The COVID-19 pandemic was one of the most severe public health crises faced by people worldwide. Apart from its inevitable and apparent physical health implications, the policies and their strategic implementations that resulted from COVID-19 caused many mental health issues for people too.
The pandemic led to an increased need for people to stay sane and happy during tough times. Read on to learn how knitting and crocheting helped people during the pandemic.
The COVID-19 pandemic took a toll on many people’s mental health. When most people found themselves confined within their homes, they ran out of enjoyable ways to stay productive. However, knitting became the holy grail for many crafters during this time.
The British Journal of Occupational Therapy surveyed 4,000 knitters worldwide in 2013. According to this study’s findings, 3,545 knitters who regularly engaged in this hobby experienced significant changes in their well-being. The respondents reported enhanced wellness, calm, productivity, and happiness after at least two hours of knitting every day.
Similarly, knitting promoted emotional healing among many people dealing with issues, like anxiety and depression, during the pandemic. According to a 2010 study review by the American Journal of Public Health, adults prefer engaging in art-based interventions, like crocheting or knitting, due to their emotional healing properties.
Connecting With the Outer World
The pandemic was challenging for most people because of the indefinite lockdown guidelines that prevented most people from networking, meeting, and connecting with their friends, family members, and loved ones. Many people had to spend memorable holidays, like Christmas and Thanksgiving, at their homes all by themselves to ensure everyone’s safety.
Knitting and crocheting helped such individuals in remaining connected with the outer world during this time. Joyful: The Surprising Power of Ordinary Things to Create Extraordinary Happiness is an incredible book written by Ingred Lee, in which she explains how crafts like knitting are an excellent source of staying in touch with the outer world.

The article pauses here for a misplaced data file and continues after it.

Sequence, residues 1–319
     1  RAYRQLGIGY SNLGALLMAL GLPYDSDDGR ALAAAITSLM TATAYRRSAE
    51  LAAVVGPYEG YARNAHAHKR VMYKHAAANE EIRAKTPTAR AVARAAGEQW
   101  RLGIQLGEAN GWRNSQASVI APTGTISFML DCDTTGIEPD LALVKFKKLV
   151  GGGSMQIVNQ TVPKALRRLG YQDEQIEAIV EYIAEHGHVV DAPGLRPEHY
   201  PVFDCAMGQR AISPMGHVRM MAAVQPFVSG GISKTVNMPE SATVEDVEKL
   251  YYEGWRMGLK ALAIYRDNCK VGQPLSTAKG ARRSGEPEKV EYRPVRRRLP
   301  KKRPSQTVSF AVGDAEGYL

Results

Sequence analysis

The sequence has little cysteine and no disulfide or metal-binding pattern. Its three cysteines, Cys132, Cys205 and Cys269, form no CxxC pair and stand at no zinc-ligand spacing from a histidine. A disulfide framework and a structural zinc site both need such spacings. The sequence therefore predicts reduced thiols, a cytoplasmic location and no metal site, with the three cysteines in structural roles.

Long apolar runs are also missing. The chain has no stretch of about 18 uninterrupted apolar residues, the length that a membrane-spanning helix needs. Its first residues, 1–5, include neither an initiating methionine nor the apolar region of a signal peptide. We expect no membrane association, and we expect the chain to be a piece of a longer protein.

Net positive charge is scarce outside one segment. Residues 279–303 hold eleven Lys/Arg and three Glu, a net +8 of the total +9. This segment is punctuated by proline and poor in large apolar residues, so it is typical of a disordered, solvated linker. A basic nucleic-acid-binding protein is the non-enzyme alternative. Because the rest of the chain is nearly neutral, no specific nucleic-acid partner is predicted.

She explains how staying indoors for an extended period can result in a lack of sensory input, and tangible activities, like knitting, can help compensate for this loss. The sensory stimuli are replaced with the texture of the yarn and holding essential tools during the knitting process.
A Mental Cleanse
The COVID-19 pandemic resulted in a lot of panic and anxiety among people who were either infected or had to take care of loved ones who were sick. Such circumstances increased the need for people to adopt therapeutic hobbies like knitting and crocheting.
Fortunately, beginner and intermediate-level learners have widely appreciated online knitting and crochet classes during the pandemic. People struggling with anxiety chose to attend many knitting and crocheting classes to calm their nerves and get a much-needed break from everything going on in the world.
In other words, knitting has been a productive hobby for people, helping keep their minds occupied, reducing their stress levels, and improving their self-esteem by allowing them to create something useful with their hands.
One of the silver linings of shutdowns was the creative response of Yarn Shops building online gathering places through Zoom and other platforms. All of a sudden, your LYS did not have to be right down the street—it could be in another state or even country! And this ability to gather and meet other knitters from all over brought us together, increased our understanding, and provided much-needed relief from the tedium of the lockdowns.
If you’re looking to begin your journey of learning the art of knitting and crocheting, feel free to sign up for the online knitting and crocheting classes at Hands On Knitting Center. We offer weekly online classes, events, and knitting supplies online to help you perfect your artistic craft. Contact us to learn more today!